United States District Court, E.D. Kentucky, Northern Division, Ashland
GARY E. PEEL, Petitioner,
MICHAEL SEPANEK, Warden, Respondent.
MEMORANDUM OPINION AND ORDER
HENRY R. WILHOIT, Jr., District Judge.
Gary E. Peel is a prisoner confined at the Federal Correctional Institution in Ashland, Kentucky. Proceeding without an attorney, Peel has filed a petition for a writ ofhabeas corpus pursuant to 28 U.S.C. § 2241. [D. E. No.1]
The Court conducts an initial review of habeas corpus petitions. 28 U.S.C. § 2243; Alexander v. Northern Bureau of Prisons, 419 F.Appx. 544, 545 (6th Cir. 2011). The Court must deny the petition "if it plainly appears from the petition and any attached exhibits that the petitioner is not entitled to relief." Rule 4 of the Rules Governing § 2254 Cases in the United States District Courts (applicable to § 2241 petitions pursuant to Rule 1(b)). The Court evaluates Peel's petition under a more lenient standard because he is not represented by an attorney. Erickson v. Pardus, 551 U.S. 89, 94 (2007); Burton v. Jones, 321 F.3d 569, 573 (6th Cir. 2003). At this stage, the Court accepts the petitioner's factual allegations as true, and his legal claims are liberally construed in his favor. Bell Atlantic Corp. v. Twombly, 550 U.S. 544, 555-56 (2007).1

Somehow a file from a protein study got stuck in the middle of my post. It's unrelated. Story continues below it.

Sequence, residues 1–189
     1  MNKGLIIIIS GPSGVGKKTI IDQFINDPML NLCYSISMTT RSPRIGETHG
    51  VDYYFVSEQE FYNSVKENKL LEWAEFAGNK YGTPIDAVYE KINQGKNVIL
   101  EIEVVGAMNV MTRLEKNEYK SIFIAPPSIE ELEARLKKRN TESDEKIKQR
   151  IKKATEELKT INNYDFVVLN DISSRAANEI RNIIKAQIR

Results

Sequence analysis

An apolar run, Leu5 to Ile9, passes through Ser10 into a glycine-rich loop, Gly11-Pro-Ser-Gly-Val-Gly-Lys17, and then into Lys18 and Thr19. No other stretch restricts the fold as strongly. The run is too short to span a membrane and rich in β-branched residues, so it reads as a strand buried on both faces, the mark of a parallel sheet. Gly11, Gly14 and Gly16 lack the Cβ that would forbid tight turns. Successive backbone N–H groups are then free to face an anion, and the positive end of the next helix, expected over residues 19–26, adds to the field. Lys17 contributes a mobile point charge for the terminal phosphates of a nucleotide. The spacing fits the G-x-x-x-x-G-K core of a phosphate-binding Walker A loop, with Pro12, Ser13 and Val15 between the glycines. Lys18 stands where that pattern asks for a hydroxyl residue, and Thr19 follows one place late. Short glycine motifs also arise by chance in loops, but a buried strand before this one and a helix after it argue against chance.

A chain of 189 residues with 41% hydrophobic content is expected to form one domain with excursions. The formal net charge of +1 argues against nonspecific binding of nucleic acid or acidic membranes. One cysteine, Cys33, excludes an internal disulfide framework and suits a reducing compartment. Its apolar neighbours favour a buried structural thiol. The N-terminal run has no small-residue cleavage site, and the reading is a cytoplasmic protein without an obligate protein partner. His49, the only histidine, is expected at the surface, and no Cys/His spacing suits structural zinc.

On March 22, 2006, a grand jury sitting in the Southern District of Illinois returned an indictment charging Peel with bankruptcy fraud in violation of 18 U.S.C. § 152(6), obstruction of justice in violation of 18 U.S.C. § 1512(c)(2), and two counts of possessing child pornography in violation of 18 U.S.C. § 2252A(a)(5)(B). Specifically, the indictment alleged that during his marriage, Peel had had an affair with his wife's sister - who was sixteen years old at the time - and had taken sexually-explicit photographs of her. Following his divorce, Peel filed for bankruptcy protection in an effort to discharge his financial obligations to his ex-wife. In an attempt to blackmail his ex-wife into dropping her opposition to that relief, Peel threatened to mail those explicit photographs to her parents. Instead, Peel's ex-wife enlisted the aid of state and federal law enforcement officials to obtain evidence of Peel's actions, resulting in his prosecution.
Following a week-long trial, a jury convicted Peel on all four counts. On November 19, 2007, the trial court sentenced Peel to serve 60 months incarceration for bankruptcy fraud, 144 months for obstruction of justice, and 120 months for I While Peel is appearing pro se, he is an attorney who was formerly licensed to practice law until his 2008 disbarment by the Supreme Court of Illinois. The Court nonetheless applies a liberal construction to his pleadings. each child pornography count, with all terms to be served concurrently. United States v. Peel, No.3:06-cr-30049-WDS-l (S.D. Ill. 2006).
On direct appeal, the Seventh Circuit concluded that the Double Jeopardy Clause precluded Peel's conviction for both obstruction of justice and bankruptcy fraud, and directed the trial court to vacate one conviction or the other on remand. The panel affirmed his other convictions and, in most respects, his sentences. Peel v. United States, 595 F.3d 763 (7th Cir. 2010). In doing so, the appellate court expressly rejected Peel's argument that his child pornography convictions were invalid because the photographs, taken in 1974 of a sixteen year old girl, were not illegal when made. Id. at 769-71.